Observed Maria family (corrected M&K prop elements) 

Indeed, there is a  group of asteroids at 2.556<a<2.62 AU, 0.1<e<0.12, 15<i<15.5 deg , which separates from the rest of the family at 10m/s level. While the offset in eccentricities and inclinations of this group from the rest of the family may be due to the evolution in the 2(g-g6)+s-s6 (as suggested by movie),  the gap seen in orbital distribution in (a,e) diagonally separating this sub-grouping from main grouping may be due to the fast Yarkovsky-driven evolution in the secular resonance, i.e. due to the short residence times in the corresponding region. We believe that in contrary to what happens in mean motion resonances, a weak secular resonance should NOT chaotically change the proper elements if not assisted by Yarkovsky drift. This demonstrates that the Yarkovky effect acts in the asteroid belt.

*** There is reasonable, but not a *very* good match between the secular resonances computed from Milani and Knezevic secular theory and the tracks left by bodies evolving in the secular resonances. This is because the secular resonances plotted in figures were computed for fixed values of eccentricity (for inclinations plots) and inclination (for eccentricity plots).  The secular resonances are, unlike the mean motion resonances, three-dimensional structures. The bodies evolving in secular resonances thus change (a,e,i) and the correspondence to the secular resonances plots at fixed e or i is only approximate. Moreover, the Maria family is close to the 3:1 MMR with Jupiter, where the secular theory of Milani and Knezevic may give small errors in g and s frequencies. ***


Eunomia family

The plots of the Eunomia synthetic family at t=0 and t=300 My are the following:

 Synthetic Eunomia family (initial instant). Click here to enlarge

 Synthetic Eunomia family ( t = 300 My ). Click here to enlarge.

In this case,  there is not as much disperion in the orbital elements as in the previous cases (Flora and Maria families). On the other hand, the integration time is probably at least by one order in magnitude smaller than the actual age of the Eunomia family.  Once again, one clearly sees the interaction with several MMRs (the one at 2.705 AU is 8:3 with Jupiter) and secular resonances (the body which diagonally evolves in (a,i) plane from the rest of the family is in the  s-s6-g5+g6).


At 300 My, the dispersion in e and i of the synthetic family created by dynamics is considerably smaller than the real Eunomia family's dispersion:

 Observed Eunomia family (corrected M&K prop elements). 

Nevertheless, one feature may be noted. The bunch of mean motion resonances at 2.62 AU seems to create a large dispersion of bodies migrating to smaller semimajor axis. Note, for instance, several bodies which tend to decrease inclinations up to ~12 degrees. Similar feature can be seen in the real family. The situation with eccentricities is similar: note several real bodies at e~0.13, which might have diffused by the effect of MMRs at  2.62 AU similarly as one body does in the simulation. Semimajor axis dispersion of the real family is better reproduced, but we must first discuss sizes before  concluding on this point, bacause the dispersion in the semimajor axis is obtained via Yarkovsky force which is sensitive to size.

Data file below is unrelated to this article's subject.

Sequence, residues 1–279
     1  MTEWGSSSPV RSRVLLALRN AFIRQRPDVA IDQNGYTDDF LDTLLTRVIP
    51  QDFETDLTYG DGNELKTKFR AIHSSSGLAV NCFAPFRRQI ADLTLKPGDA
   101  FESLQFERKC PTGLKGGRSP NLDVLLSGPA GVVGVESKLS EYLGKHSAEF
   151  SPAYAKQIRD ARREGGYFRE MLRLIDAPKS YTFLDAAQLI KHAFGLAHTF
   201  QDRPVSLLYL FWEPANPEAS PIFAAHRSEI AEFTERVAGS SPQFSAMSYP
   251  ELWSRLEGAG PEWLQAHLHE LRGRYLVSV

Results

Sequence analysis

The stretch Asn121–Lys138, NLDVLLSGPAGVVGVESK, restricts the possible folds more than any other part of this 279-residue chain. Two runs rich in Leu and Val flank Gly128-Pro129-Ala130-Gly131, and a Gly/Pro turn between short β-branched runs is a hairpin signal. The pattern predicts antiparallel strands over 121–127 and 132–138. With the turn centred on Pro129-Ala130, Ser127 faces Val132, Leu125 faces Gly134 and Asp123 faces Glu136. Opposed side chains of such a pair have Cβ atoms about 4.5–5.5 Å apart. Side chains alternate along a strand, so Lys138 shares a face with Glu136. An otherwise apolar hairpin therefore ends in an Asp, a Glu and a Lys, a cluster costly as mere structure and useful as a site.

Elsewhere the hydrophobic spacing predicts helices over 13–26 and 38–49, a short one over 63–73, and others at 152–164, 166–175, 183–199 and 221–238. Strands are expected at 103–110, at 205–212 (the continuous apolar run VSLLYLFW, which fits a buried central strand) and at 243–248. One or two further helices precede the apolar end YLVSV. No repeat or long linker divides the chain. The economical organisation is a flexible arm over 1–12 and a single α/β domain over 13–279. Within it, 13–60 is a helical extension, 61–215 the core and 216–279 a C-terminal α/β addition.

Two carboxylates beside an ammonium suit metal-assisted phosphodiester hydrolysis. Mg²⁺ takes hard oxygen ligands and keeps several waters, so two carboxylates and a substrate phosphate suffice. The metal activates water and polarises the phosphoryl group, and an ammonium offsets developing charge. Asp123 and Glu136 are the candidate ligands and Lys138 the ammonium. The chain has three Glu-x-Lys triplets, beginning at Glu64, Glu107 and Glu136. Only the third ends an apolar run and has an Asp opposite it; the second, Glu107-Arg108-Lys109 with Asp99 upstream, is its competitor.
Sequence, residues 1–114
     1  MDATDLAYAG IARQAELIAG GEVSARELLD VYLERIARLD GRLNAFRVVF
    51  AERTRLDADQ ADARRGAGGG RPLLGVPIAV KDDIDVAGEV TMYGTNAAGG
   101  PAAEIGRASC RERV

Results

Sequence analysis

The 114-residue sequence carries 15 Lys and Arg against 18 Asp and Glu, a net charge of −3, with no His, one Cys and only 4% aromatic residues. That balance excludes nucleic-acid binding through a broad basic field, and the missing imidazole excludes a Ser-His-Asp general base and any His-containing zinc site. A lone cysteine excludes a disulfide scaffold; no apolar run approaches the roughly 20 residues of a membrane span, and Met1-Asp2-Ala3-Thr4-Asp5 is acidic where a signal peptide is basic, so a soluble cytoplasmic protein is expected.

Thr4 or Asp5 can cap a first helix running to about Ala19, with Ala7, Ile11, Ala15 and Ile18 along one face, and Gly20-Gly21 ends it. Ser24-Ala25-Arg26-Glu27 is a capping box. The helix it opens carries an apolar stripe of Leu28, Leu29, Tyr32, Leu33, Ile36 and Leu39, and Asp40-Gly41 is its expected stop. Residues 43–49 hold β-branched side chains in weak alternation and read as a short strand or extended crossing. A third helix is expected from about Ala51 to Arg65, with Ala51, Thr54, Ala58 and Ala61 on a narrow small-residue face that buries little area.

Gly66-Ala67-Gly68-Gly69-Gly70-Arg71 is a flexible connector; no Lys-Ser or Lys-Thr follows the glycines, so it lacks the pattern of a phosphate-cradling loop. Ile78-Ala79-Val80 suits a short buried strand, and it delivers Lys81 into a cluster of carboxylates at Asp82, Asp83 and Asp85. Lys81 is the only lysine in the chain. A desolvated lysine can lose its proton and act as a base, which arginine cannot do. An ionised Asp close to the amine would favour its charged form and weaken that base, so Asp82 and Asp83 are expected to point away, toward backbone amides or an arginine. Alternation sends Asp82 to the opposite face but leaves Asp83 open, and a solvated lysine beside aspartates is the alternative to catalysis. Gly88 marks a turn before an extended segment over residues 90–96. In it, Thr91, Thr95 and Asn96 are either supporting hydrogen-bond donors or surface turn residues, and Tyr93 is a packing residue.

Koronis family (`Bill's smoking gun!')

This is all based on Bill's integrations. See his movie at

Initial and t=500 My orbital distributions of the synthetic Koronis family are the following:

 Synthetic Koronis family (initial instant). Click here to enlarge.

 Synthetic Koronis family ( t = 500 My). Click here to enlarge. 

(!!! SEE MOVIE HERE !!!)

The Koronis family is sqeezed between the 5:2 and  7:3 MMRs with Jupiter. The synthetic family strongly interacts with a bunch of MMRs at 2.905 AU and with secular resonances at > 2.92 AU. Although in latter case, the evolution is complex, we may partially assign it to the effect of the 2(g+s-2g7) secular resonance (*** is there other `vertical' secular resonance at 2.92 AU ***) . An example of a particle interacting with this resonance: eccentricity evolution and resonant angle.

The *great* result Bill has obtained, concerns the match between the evolution of the synthetic family and the orbital distribution of the observed Koronis family:

 Observed orbital distribution of the Koronis family (M&K pro)

The Koronis family has been a puzzle for a long time because of its shape in proper (a,e) plane: it is tightly clustered in eccentricities at 2.84 - 2.9 AU but rather dispersed at a>2.9 AU. I remember Morby and me integrating the real Koronis members over 1 Gy back in 1998 without the Yarkovsky effect. Nothing important happened because chaotic MMRs are quite sparse at the region of the Koronis family (low e,i). The secular resonances which seem to be acting in this region need the Yarkovsky drift to move thigs around in the eccentricity!!!  Notice a couple of particles in the synthetic family run increasing their e at  2.92 AU and drifting to the higher eccentricity region populated by real family members. This is a very important fit, showing that the Koronis family orbital distribution may be explained by the interaction of secular resonances with the Yarkovsky force. Other scenarios, as for example: a strangely asymmetric ejection field in the parent body breakup, seem to be highly improbable.